Making the choice to go with proprietary licenses is often a preferred alternative. However, choices might be more limited, especially when addressing IoT that incorporates many more components within an overarching IoT application environment.

DON'T FORGET POWER.MANAGEMENT SOFTWARE
The need for efficient power-management hardware and software ranks high on the list of issues surrounding mobile IoT devices. It's cropping up in more sophisticated hardware with more granularity in terms of power control and the types of peripherals available. Just managing the large number of power modes and peripherals is pushing chip vendors to provide power-management frameworks that work with applications and operating systems.

Battery-operated IoT devices usually operate in cycles where most time is spent in a low-power mode. Developers will need to examine all of the options when trying to minimize power requirements, from using non-volatile storage like FRAM, to choosing chips with ultra-low power peripherals, to taking advantage of intelligent, configurable peripheral interconnects that allow on-chip devices to operate independently of the CPU.(circuit design)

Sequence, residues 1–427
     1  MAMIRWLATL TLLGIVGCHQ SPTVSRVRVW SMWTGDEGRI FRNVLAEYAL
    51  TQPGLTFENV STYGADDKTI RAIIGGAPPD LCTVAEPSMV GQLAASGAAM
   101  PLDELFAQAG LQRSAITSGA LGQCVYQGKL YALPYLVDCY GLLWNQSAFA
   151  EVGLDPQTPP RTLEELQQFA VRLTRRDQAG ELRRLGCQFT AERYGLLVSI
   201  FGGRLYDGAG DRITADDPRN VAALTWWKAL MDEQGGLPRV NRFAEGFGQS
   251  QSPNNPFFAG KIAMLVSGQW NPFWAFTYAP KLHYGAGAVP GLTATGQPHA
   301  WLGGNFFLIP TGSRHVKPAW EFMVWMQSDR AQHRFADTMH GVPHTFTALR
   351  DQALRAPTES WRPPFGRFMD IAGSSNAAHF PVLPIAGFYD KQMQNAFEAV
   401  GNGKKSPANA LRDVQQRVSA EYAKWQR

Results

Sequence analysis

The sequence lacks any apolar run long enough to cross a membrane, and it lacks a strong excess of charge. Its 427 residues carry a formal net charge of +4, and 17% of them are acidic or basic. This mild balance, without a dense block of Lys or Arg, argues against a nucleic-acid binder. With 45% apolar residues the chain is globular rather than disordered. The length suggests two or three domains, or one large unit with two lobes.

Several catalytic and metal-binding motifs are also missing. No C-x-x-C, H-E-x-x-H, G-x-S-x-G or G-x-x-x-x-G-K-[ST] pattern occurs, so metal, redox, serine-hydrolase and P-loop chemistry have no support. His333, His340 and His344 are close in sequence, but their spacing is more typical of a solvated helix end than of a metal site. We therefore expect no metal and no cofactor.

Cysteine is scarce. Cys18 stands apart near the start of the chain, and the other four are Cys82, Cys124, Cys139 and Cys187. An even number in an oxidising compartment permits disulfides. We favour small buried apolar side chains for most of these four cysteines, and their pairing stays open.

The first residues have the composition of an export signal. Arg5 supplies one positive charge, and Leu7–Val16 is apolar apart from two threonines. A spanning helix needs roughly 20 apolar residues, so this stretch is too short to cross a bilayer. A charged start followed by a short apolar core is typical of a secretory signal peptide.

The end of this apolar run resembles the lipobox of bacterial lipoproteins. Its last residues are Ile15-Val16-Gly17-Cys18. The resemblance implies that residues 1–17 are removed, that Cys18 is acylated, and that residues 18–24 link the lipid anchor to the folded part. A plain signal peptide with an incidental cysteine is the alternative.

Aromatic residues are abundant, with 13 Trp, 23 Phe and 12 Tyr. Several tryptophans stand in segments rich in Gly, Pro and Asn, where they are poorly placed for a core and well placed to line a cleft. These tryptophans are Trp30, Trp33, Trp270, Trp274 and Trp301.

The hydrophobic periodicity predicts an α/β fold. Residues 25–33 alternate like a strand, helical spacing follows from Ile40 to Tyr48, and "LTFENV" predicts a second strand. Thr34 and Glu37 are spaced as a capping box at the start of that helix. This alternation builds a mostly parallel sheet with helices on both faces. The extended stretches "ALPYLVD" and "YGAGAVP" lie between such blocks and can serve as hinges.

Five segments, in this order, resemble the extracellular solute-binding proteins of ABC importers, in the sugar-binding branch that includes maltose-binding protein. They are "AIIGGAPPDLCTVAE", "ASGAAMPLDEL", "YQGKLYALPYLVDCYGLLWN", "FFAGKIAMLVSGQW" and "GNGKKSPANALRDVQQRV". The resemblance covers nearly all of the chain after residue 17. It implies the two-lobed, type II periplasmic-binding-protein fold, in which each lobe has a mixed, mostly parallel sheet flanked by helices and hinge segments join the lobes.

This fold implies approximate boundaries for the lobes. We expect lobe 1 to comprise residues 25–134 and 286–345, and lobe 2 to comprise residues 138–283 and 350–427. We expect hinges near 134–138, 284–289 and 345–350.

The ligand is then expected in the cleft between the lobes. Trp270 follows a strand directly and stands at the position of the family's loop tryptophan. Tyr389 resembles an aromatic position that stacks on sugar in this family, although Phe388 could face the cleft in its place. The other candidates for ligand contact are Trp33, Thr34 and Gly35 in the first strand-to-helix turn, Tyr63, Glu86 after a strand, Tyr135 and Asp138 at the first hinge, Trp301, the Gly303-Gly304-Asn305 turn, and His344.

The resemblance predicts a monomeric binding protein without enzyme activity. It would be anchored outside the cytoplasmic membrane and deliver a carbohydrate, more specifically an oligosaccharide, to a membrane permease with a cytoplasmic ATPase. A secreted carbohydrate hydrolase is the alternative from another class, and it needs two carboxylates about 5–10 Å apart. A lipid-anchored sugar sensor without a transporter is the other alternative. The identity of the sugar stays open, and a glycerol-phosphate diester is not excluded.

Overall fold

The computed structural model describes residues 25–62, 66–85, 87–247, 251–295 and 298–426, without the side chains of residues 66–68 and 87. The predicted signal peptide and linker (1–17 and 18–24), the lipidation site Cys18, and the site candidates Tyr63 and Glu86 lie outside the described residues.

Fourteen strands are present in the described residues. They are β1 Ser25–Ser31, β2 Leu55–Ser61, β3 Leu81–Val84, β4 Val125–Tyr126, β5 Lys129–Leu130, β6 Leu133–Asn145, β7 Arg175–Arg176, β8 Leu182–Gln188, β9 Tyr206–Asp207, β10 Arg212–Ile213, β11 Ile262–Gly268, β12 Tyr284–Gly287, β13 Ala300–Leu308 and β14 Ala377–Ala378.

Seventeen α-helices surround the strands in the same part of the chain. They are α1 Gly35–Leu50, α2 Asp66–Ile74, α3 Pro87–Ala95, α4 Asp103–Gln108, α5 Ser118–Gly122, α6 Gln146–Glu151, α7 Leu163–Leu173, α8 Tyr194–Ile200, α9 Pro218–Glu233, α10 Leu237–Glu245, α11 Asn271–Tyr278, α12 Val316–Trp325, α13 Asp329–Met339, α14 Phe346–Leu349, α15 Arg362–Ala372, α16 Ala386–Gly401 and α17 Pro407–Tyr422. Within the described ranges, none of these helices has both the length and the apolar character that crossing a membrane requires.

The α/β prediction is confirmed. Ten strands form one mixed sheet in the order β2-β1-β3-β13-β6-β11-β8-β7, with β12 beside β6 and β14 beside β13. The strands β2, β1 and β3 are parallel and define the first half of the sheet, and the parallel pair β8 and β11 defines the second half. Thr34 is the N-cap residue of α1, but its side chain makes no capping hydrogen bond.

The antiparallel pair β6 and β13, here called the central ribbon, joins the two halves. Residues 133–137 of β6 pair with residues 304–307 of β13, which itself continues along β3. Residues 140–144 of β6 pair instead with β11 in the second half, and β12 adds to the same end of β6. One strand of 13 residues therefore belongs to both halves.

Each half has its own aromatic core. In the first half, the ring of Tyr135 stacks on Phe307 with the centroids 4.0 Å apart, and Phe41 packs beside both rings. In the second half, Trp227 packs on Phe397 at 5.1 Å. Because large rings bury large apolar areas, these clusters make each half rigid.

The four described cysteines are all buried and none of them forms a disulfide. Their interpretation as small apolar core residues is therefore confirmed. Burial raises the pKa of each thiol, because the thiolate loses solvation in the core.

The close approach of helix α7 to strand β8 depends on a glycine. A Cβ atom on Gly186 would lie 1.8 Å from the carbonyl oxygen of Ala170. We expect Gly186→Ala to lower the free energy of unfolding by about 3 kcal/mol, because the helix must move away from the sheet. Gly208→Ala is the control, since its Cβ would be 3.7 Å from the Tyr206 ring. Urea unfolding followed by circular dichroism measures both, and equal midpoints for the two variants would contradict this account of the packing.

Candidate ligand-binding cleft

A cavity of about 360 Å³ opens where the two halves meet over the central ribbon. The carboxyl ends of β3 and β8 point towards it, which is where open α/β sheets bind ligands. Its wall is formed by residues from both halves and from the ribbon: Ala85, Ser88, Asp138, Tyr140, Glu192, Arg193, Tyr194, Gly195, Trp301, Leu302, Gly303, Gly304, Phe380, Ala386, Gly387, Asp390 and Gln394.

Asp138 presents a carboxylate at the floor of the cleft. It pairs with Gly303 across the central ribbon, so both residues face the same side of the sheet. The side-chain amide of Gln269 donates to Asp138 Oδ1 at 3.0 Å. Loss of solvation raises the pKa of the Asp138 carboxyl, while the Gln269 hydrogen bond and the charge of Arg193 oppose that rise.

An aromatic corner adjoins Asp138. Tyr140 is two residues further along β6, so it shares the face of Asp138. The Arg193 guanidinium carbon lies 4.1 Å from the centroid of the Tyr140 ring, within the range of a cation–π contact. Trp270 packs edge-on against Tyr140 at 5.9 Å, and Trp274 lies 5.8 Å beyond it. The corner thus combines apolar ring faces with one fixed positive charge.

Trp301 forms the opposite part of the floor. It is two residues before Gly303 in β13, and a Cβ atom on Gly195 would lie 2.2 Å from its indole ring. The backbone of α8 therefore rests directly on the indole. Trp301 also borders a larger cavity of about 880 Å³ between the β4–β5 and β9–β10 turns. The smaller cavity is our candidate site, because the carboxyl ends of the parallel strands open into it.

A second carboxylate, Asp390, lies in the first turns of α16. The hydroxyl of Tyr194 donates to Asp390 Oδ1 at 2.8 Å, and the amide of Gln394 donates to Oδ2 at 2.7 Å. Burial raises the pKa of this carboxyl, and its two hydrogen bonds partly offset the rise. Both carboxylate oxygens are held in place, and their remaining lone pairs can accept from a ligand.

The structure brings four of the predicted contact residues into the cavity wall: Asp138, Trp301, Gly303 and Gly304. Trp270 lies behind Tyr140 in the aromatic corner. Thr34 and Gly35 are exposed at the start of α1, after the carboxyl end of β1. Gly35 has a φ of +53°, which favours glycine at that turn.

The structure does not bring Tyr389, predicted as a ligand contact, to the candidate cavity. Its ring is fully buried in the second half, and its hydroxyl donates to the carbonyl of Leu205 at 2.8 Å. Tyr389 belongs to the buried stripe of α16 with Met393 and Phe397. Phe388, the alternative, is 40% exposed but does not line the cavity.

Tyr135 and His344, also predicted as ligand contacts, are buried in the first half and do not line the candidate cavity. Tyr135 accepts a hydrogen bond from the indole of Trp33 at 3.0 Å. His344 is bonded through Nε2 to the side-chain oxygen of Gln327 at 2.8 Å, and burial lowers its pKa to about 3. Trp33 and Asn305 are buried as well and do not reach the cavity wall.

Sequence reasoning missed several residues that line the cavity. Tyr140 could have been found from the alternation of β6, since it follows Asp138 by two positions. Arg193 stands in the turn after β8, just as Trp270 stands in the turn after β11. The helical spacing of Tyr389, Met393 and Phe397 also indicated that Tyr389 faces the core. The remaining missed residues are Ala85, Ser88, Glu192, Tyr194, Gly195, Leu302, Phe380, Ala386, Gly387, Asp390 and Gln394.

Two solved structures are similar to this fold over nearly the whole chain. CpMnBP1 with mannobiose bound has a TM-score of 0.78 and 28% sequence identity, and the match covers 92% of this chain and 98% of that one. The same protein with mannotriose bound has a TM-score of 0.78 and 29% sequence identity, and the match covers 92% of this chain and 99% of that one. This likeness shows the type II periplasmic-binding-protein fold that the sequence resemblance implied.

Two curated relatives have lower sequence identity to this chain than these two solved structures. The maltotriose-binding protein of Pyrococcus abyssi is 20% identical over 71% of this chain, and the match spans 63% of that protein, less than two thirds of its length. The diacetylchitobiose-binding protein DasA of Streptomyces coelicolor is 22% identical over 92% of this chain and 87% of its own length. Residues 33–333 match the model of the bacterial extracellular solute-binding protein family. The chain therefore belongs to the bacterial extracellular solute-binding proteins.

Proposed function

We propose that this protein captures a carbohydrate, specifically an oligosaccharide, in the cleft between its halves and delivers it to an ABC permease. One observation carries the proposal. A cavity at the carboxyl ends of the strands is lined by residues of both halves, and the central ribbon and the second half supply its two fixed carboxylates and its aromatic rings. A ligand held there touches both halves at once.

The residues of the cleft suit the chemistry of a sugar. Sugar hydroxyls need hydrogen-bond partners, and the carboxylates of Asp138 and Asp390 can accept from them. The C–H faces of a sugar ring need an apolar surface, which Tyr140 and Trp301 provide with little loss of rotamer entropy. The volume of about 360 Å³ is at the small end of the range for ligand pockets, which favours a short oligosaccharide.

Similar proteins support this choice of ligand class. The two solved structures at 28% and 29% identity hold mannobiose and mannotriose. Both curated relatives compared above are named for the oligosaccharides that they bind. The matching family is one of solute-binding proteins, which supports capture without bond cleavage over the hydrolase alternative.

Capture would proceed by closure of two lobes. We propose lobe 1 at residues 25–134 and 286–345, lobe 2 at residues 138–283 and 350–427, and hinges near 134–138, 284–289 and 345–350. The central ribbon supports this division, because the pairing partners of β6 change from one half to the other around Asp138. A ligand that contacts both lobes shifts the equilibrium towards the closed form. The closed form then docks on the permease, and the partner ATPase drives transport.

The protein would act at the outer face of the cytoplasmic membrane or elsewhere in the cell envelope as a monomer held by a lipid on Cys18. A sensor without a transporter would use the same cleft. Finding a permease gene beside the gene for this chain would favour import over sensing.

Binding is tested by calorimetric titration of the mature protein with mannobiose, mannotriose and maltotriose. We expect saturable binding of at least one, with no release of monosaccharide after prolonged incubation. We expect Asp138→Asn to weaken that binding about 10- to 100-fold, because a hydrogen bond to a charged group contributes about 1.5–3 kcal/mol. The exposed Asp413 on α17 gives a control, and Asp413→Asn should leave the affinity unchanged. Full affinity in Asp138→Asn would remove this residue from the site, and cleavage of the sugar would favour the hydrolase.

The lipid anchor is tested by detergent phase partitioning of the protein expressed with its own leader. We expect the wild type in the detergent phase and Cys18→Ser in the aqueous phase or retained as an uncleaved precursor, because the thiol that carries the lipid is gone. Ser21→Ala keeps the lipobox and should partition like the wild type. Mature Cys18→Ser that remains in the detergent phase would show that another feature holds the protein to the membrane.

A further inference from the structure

Keep an eye out for multicore, asymmetric microcontroller solutions that provide even more granularity for controlling power and performance. Although the downside will be a programming environment with heightened complexity, it should provide important advantages in both system isolation and security.